Fixed Protection on the first crux
Once on the summit the views of Howe Sound, Brittania Range, and the rest of the sub-2000m peaks in the area are incredible. The East Lion beckons, but due to crumbly rock and local protected watershed restrictions it is rarely climbed. I arrived at about 3:30pm to find a few representatives from the UBC Varsity Outdoor Club sunning themselves before carrying on to camp at Magnesia Meadows a few kilometers long the Howe Sound Crest Trail. The VOC was founded more than 50 years ago and every year recruits a number of new university students keen to explore the mountains of southwest BC. They have a reputation for two things: hiking fast and hard, and full frontal nudity. While they exhibited the former after our chat I was spared from latter.
The view from the summit, including Brunswick, Harvey, Hanover, East Lion, Colliseum, and Crown Mountains
Vancouver, to the South
Having brought only my 2m/70cm portable with me my band options were limited, but thanks to the ARRL VHF contest that same weekend I was able to rack up a decent amount of contacts. I was able to reach people on Saltspring Island, Vancouver Island, Vancouver, Washington state, and even a few other hikers in the area. While I was able to reach VE7KCY who was activating on Goat Mountain from Unnecessary Mountain, I arrived at my own summit too late to take advantage of any S2S contacts. Fortunately there were enough HAM operators wandering the woods and ridges that day to make for some interesting conversation. Typically I use a 1/4 wave telescoping antenna (2m) for SOTA work. It has two pivots and a swivel built in, so when I store it the entire package isn’t much larger than the body itself and I’ve gotten some excellent signal reports with it, even on low power. A friend had recently put in an order from a Chinese online retailer and included a 5/8 wave telescoping antenna that I offered to try out. From the summit I was getting better results with the 1/4 wave, though once I got into the woods the 5/8 antenna was pushing through a bit further.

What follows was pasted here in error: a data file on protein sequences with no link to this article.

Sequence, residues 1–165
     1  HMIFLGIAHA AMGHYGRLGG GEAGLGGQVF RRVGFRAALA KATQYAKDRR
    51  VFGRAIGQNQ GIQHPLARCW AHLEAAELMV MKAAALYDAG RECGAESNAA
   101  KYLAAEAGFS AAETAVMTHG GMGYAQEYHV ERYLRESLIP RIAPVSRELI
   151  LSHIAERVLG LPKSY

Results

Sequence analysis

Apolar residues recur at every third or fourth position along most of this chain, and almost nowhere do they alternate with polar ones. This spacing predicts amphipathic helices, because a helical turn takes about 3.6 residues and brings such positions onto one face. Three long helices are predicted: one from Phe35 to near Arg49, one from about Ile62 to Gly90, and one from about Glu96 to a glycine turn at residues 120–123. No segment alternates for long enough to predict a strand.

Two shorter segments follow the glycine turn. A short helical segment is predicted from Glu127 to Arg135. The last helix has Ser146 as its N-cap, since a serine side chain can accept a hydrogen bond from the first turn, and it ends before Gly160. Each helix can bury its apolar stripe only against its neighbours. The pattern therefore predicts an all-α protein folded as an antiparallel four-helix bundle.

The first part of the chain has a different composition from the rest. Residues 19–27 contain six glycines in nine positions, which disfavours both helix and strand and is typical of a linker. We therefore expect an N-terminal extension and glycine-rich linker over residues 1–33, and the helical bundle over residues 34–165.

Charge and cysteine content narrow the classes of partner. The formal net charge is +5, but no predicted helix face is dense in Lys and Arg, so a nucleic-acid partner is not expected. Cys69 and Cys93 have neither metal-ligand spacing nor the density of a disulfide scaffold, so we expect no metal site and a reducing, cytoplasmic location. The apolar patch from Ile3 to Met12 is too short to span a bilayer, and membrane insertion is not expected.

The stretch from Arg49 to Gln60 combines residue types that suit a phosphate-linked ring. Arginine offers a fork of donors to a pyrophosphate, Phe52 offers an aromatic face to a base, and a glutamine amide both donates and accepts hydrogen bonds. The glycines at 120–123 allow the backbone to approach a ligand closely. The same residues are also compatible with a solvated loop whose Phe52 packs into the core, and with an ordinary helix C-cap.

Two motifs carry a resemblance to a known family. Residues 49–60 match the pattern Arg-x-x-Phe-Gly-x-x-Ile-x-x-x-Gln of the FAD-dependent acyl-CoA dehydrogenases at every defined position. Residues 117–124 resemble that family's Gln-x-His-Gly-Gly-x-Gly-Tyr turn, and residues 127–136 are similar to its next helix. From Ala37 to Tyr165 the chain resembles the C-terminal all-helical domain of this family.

I stayed on the summit for about two hours, then began the long trek home. Downclimbing the two cruxes was a careful, deliberate process, and once accomplished the rest of the way back was a simple matter of retracing my steps.
First crux from the other end
Having passed the tricky part while the sun was still up I could relax and take a few minutes for some sunset photography and fantastic views of Howe Sound. While I usually try to arrive back at the trailhead before dark, I was carrying two lights, extra batteries, a SPOT, map, compass, and GPS so I wasn’t too worried about returning after nightfall. The trail is also well marked and only goes one place. YMMV, but I got some fantastic pictures without having to lug a tent and sleeping bag with me.
Protip: if you’re on Unnecessary Mountain and getting views like this, you’re either camping there or finishing up via headlamp.
I arrived back at the car around 11:00pm making for a 12 hour day, including rest stops and activating time. This was a summit I had been eyeing all summer and it felt good to finally knock it off. SOTA is relatively new in VE7 so this was the first time the West Lion has been activated.